The Art of Coming Out Chapter 3 – The Spiritual Journey Begins in Exile

A pencil sketch of University College of North Wales, Bangor, where I studied Theology and continued to struggle with my sexual identity.

The spiritual journey begins in exile” is a direct quote from a book by John Fortunato about his experience as a gay man in America. He used biblical images from the exile of Adam and Eve from creation’s perfection, to the journeys of the great characters of early Judaism like Abraaham and Sara.

First century Jews linked how Jesus, also on a journey, begins this pattern of exile to freedom. From an outhouse in Bethlehem to the cross, outside the city of Jerusalem, Jesus engages fully with the exiled of all shapes and sizes. Although Christianity has historically been damning of homosexuality, its institutional persecution and exile of millions of good people, including LGBT people, links us to this spiritual inheritance as sons and daughters of Abraham and Sara. No-one can take this away from us. We journey with them from exile to find our “home” as LGBT people. This journey takes a lifetime and Fortunato’s insight was to link this spiritual treasure as ours as well.

When Archbishop Desmond Tutu asked “Where in the Bible does it tell us God is a Christian?” Christian triumphalism is silenced. Instead of being weaponized against us, LGBT people need to see our journeys linked to a mysterious destiny where we are not fully in charge or fully at home. We have solidarity with other exiles who are no longer at home in their own skins or their own countries and are moving towards what Teilhard de Chardin imagined “the Omega point“. Persecuted by the Catholic church in the middle of the 20th century for being a scientist most of his ministry, Teilhard embraced both the exile and the journey and would become one of the key theologians to inspire awareness and action on climate change in the 21st century. Now he is quoted by Popes and Cardinals and they claim him without often acknowledging the church’s attitudes and behaviors that inhibited him. LGBT people have no unique claim to persecution or special status when it comes to exile and derision. For me, a belief that the mystery we call “God” was beckoning me to become a priest (even though I was gay) and I would meet obstacles and even persecution from the institutional church, did not deter me from this scary adventure. Am I good enough? Will someone want me? Can I finish this art that is quilting and weaving my life together, dyeing threads in colors that others may make into their own cloth, without sabotaging or despairing? These questions are always with us, whether we are beginning to splash colors onto a canvas or turn up for ordination in a profession that historically has demonized LGBT people. The church has a wonderful way of using our skills and experience as lay leaders or clergy while insisting we remain in various stages of closet-edness.  There are a few exceptions to this in some churches, but the dominant theme is still spiritually destructive and somehow emerging from that lie and exile is the spiritual challenge of millions of human beings.  I can understand why so many great and good people have left the church, but I had something else to live into and this reflective writing about my own exile and journey is helping me to see what could realistically be done, with all its inhibitions, limitations and opportunities. A work of art, no less a life, is an emerging living encounter with mystery and struggles to communicate something yet unborn, unrealized, not yet articulated. We need others to see, understand and appreciate all of it before we return to the clay of mother earth. Yet, we too are invited and destined to shape and form the clay ourselves, just like a God. This is the image of God (imago Dei) in our species.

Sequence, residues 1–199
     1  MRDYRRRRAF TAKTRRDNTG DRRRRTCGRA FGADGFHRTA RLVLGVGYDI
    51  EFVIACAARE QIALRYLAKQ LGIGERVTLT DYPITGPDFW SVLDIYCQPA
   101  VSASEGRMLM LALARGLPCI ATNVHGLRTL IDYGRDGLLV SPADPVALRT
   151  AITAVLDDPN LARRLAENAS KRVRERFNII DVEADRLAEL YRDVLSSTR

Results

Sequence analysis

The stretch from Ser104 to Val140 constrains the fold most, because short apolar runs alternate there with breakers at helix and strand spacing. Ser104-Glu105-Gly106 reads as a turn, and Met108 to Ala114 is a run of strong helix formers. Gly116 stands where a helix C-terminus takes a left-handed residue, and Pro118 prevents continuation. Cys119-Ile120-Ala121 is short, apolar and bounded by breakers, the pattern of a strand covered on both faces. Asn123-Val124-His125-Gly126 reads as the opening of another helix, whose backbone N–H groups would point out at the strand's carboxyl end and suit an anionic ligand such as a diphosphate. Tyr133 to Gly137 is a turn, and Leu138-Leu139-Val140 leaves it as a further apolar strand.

Exiled to walk in another’s shoes

Exile may always seem about narcisistic us, but it may also break us open to the other’s reality. An 80 year old Republican Christian living in Jesusland USA, may feel just as exiled as I sometimes feel, from the land and community they once knew, but what do we do about it? Recreating an imaginary 1950’s or rolling back the industrial or sexual revolutions of the last 200 years wont help us either. I have been privileged to work and travel these difficult journeys with many different types of people over 45 years of ministry and embracing whatever exile we are experiencing is these secret and reluctant beginnings of a wonderful adventure. This journal reflects those challenges and gifts that we are to each other. if you have not read the first two chapter yets, here is a link: 

1972 -The Great Escape from Belfast